The National Research Council was organized by the National Academy of Sciences in 1916 to associate the broad community of science and technology with the Academy’s purposes of furthering knowledge and advising the federal government. Functioning in accordance with general policies determined by the Academy, the Council has become the principal operating agency of both the National Academy of Sciences and the National Academy of Engineering in providing services to the government, the public, and the scientific and engineering communities. The Council is administered jointly by both Academies and the Institute of Medicine. Dr. Ralph J. Cicerone and Dr. Charles M. Vest are chair and vice chair, respectively, of the National Research Council.


www.national-academies.org

Suggested Citation:"Front Matter." National Research Council. 2010. Critical Code: Software Producibility for Defense. Washington, DC: The National Academies Press. doi: 10.17226/12979.
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Suggested Citation:"Front Matter." National Research Council. 2010. Critical Code: Software Producibility for Defense. Washington, DC: The National Academies Press. doi: 10.17226/12979.
×

COMMITTEE FOR ADVANCING SOFTWARE-INTENSIVE SYSTEMS PRODUCIBILITY

WILLIAM L. SCHERLIS,

Carnegie Mellon University,

Chair

ROBERT F. BEHLER,

The MITRE Corporation

BARRY W. BOEHM,

University of Southern California

LORI A. CLARKE,

University of Massachusetts, Amherst

MICHAEL A. CUSUMANO,

Massachusetts Institute of Technology

MARY ANN DAVIDSON,

Oracle Corporation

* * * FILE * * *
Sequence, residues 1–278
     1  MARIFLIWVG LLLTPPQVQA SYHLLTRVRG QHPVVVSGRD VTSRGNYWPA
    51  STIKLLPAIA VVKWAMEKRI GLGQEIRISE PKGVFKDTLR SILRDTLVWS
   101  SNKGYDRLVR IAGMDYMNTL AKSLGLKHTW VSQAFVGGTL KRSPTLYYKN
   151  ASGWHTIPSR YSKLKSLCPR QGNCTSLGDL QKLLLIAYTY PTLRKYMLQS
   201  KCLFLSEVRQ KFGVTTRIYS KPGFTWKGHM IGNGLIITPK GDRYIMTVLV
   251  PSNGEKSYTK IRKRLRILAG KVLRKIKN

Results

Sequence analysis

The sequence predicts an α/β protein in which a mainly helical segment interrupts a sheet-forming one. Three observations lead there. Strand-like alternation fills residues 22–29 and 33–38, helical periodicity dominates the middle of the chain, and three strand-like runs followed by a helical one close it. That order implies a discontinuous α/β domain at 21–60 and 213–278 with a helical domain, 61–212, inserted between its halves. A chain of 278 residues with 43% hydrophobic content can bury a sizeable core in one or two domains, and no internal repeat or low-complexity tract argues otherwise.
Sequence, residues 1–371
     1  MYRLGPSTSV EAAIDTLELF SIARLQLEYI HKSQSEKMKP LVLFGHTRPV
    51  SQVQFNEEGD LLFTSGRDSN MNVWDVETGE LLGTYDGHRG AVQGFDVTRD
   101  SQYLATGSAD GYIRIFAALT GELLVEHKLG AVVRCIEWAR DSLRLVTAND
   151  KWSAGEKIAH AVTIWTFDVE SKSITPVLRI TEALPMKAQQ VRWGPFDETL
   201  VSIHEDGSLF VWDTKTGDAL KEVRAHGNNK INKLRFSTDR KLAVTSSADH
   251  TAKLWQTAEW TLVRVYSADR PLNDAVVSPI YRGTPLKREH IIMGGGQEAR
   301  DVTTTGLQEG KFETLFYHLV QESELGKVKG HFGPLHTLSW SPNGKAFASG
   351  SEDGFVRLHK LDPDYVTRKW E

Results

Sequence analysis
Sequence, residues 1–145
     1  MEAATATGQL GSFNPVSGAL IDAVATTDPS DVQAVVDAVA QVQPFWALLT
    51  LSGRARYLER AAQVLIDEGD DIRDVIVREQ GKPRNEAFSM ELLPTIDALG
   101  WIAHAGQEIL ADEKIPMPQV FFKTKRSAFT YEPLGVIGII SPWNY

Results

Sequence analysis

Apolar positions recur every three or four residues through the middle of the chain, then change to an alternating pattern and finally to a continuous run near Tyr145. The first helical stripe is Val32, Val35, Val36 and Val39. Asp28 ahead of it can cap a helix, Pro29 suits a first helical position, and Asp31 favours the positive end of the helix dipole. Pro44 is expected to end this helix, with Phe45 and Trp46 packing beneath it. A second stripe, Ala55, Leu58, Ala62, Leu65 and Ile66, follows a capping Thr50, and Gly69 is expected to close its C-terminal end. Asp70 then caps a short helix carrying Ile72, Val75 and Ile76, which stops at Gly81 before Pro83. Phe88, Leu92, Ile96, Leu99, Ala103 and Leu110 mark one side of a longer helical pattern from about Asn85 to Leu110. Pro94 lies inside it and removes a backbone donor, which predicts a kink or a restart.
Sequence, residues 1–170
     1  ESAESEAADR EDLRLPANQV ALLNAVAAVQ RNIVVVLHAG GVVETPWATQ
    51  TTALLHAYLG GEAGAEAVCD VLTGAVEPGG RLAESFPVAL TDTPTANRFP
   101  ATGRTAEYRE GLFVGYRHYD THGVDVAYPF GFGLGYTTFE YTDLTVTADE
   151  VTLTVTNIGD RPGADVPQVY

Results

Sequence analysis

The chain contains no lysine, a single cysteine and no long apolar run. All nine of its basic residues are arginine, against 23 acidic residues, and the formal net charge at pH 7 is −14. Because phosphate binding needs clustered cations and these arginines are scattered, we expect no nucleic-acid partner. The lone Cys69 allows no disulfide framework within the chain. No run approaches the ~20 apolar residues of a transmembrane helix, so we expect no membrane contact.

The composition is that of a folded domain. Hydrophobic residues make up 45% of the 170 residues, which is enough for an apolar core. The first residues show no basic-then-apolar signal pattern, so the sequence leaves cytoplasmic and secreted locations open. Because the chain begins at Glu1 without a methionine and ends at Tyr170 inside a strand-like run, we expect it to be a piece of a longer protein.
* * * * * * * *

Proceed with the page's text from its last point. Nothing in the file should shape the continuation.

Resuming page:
LARRY DRUFFEL,

Software Engineering Institute

RUSSELL FREW,

Lockheed Martin

JAMES LARUS,

Microsoft Corporation

GREG MORRISETT,

Harvard University

WALKER ROYCE,

IBM

DOUGLAS C. SCHMIDT,

Carnegie Mellon University

JOHN P. STENBIT, Independent Consultant

KEVIN J. SULLIVAN,

University of Virginia

Staff

JON EISENBERG, Director,

CSTB

LYNETTE I. MILLETT, Senior Program Officer

JOAN D. WINSTON, Program Officer (until May 2008)

ENITA A. WILLIAMS, Associate Program Officer

ERIC WHITAKER, Senior Program Assistant

Suggested Citation:"Front Matter." National Research Council. 2010. Critical Code: Software Producibility for Defense. Washington, DC: The National Academies Press. doi: 10.17226/12979.
×

COMPUTER SCIENCE AND TELECOMMUNICATIONS BOARD

ROBERT F. SPROULL,

Oracle Corporation,

Chair

PRITHVIRAJ BANERJEE,

Hewlett-Packard Company

STEVEN M. BELLOVIN,

Columbia University

SEYMOUR E. GOODMAN,

Georgia Institute of Technology

JOHN E. KELLY III,

IBM

JON M. KLEINBERG,

Cornell University

ROBERT KRAUT,

Carnegie Mellon University

SUSAN LANDAU,

Radcliffe Institute for Advanced Study

DAVID E. LIDDLE,

US Venture Partners

WILLIAM H. PRESS,

University of Texas, Austin

PRABHAKAR RAGHAVAN,

Yahoo! Labs

DAVID E. SHAW,

D.E. Shaw Research

ALFRED Z. SPECTOR,

Google, Inc.

JOHN A. SWAINSON,

Silver Lake

PETER SZOLOVITS,

Massachusetts Institute of Technology

PETER J. WEINBERGER,

Google, Inc.

ERNEST J. WILSON,

University of Southern California

Staff

JON EISENBERG, Director

VIRGINIA BACON TALATI, Associate Program Officer

SHENAE BRADLEY, Senior Program Assistant

RENEE HAWKINS, Financial and Administrative Manager

HERBERT S. LIN, Chief Scientist

EMILY ANN MEYER, Program Officer

LYNETTE I. MILLETT, Senior Program Officer

ERIC WHITAKER, Senior Program Assistant

ENITA A. WILLIAMS, Associate Program Officer

For more information on CSTB, see its Web site at http://www.cstb.org, write to CSTB, National Research Council, 500 Fifth Street, N.W., Washington, DC 20001, call (202) 334-2605, or email the CSTB at cstb@nas.edu.

Suggested Citation:"Front Matter." National Research Council. 2010. Critical Code: Software Producibility for Defense. Washington, DC: The National Academies Press. doi: 10.17226/12979.